Holy Ghost,' when he had named the Holy Ghost, he breathed his last, and so departed to the Kingdom of Heaven. All those who beheld the blessed father's death, said they had never seen any other person expire with so much devotion, and in so tranquil a frame of mind. For, as you have heard, so long as the soul animated his body, did he never cease to give thanks to the true and living God, with expanded hands exclaiming: 'Glory be to the Father,' and other spiritual ejaculations. But know this, my dear brother, that I could say much concerning him, though my want of erudition abridges this discourse. Nevertheless, by the Grace of God, I purpose shortly to write more concerning him, particularly those things which I saw with mine own eyes, and heard with mine own ears."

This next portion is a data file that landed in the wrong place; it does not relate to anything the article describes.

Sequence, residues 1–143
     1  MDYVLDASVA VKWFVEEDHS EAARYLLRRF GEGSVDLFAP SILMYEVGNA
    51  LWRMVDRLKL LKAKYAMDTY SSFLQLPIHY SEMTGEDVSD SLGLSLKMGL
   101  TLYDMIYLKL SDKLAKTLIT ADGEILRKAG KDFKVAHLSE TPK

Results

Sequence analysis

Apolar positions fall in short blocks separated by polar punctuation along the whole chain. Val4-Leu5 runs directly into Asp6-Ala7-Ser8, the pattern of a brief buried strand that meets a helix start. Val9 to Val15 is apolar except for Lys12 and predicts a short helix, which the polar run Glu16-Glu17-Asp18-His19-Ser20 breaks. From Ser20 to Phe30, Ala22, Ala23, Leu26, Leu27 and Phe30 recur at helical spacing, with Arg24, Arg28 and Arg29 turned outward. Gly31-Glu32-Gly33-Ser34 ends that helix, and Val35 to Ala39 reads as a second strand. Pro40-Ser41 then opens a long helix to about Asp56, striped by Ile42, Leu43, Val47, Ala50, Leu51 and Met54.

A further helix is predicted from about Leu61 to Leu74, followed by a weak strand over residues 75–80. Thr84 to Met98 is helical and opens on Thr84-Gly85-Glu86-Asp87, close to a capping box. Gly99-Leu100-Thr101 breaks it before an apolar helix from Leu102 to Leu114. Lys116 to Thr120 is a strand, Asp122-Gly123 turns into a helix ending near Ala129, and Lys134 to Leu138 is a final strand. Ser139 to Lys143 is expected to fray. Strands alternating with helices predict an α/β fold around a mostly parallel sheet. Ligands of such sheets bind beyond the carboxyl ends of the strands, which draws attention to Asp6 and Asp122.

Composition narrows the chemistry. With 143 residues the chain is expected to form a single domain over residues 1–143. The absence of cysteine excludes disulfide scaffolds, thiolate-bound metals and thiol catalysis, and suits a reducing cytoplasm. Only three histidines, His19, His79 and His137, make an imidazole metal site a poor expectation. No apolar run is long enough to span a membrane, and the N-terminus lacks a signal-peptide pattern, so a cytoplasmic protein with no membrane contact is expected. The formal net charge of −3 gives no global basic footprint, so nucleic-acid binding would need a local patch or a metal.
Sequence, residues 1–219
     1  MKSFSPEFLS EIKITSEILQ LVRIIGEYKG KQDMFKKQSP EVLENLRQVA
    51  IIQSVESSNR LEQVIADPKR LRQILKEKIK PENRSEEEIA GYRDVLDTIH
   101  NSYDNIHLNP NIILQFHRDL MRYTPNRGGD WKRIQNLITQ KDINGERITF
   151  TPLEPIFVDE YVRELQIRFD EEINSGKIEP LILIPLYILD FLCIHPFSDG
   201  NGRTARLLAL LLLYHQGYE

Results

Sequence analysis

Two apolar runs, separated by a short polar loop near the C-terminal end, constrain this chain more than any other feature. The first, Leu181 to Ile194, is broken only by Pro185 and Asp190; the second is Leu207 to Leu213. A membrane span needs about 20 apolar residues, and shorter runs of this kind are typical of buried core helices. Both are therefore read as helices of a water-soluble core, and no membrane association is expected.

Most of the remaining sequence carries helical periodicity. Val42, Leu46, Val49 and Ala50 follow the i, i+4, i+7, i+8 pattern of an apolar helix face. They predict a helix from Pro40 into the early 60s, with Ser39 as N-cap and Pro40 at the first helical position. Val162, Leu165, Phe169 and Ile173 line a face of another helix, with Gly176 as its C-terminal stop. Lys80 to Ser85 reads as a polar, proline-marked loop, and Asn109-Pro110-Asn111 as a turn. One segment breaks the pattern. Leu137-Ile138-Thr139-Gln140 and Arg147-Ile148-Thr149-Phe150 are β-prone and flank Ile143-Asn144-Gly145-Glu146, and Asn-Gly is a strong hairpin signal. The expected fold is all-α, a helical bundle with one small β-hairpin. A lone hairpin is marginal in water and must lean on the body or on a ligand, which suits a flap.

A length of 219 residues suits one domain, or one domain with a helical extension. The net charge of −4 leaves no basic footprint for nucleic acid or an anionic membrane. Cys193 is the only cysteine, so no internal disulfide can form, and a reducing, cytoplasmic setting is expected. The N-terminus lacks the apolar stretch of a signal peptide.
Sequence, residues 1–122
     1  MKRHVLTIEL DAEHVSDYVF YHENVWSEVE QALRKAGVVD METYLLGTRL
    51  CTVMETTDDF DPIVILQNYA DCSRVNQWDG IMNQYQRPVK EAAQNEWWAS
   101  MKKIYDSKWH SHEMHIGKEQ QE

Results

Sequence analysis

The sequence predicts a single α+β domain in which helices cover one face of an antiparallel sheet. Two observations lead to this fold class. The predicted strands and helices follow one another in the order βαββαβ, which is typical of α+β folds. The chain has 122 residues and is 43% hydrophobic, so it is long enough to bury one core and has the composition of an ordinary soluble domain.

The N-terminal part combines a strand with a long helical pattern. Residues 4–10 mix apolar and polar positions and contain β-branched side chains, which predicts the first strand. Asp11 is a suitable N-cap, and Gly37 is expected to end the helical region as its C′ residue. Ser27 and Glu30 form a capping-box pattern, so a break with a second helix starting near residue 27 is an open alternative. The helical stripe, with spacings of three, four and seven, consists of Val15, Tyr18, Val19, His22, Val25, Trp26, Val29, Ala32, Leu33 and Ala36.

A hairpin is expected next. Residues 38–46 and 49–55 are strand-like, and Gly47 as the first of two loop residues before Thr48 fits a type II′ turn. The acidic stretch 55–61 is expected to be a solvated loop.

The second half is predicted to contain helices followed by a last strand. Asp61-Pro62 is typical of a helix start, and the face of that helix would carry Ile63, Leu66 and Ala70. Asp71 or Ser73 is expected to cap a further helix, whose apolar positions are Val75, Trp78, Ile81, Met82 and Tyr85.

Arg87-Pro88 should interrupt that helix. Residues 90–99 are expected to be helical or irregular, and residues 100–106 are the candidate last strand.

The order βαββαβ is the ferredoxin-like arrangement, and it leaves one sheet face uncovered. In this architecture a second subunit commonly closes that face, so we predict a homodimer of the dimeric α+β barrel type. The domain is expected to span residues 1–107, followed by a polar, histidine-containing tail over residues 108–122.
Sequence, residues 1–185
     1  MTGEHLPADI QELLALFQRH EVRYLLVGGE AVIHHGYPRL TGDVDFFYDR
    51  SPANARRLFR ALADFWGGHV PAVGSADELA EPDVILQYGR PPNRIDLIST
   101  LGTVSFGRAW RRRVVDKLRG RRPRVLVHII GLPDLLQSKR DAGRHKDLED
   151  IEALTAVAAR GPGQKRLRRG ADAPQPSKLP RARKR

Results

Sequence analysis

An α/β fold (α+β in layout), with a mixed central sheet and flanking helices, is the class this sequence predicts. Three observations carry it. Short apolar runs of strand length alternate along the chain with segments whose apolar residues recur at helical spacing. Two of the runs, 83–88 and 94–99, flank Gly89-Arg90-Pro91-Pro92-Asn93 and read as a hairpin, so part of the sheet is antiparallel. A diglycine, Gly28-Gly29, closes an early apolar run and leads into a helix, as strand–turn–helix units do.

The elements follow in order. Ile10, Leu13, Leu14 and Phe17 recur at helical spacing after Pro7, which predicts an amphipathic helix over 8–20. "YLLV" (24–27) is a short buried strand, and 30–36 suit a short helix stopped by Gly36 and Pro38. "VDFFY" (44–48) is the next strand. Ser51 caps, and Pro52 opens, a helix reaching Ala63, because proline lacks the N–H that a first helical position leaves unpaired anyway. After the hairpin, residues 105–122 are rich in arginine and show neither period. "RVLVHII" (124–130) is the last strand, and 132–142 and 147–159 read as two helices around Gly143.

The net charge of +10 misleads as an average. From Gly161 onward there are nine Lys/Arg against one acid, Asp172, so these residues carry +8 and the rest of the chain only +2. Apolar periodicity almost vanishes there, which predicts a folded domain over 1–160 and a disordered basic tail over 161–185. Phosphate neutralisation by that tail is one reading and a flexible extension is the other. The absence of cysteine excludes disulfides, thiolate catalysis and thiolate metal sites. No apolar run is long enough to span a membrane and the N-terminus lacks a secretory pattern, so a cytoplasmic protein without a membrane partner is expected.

In conclusion, we may remark that this letter of his pupil Cuthbert, by fixing the day of his death on Ascension day, on the seventh of the Calends of June, has enabled us to assign the true year to this event. The 26th of May, (the vii. Calend. Junii,) by reference to Astronomical Tables, will be found to have been Ascension day, in the year of our Lord 735. Immediately after his spirit had departed, the whole room is said to have been filled with a most fragrant odour,—a circumstance recorded on the death of so many of the early fathers of our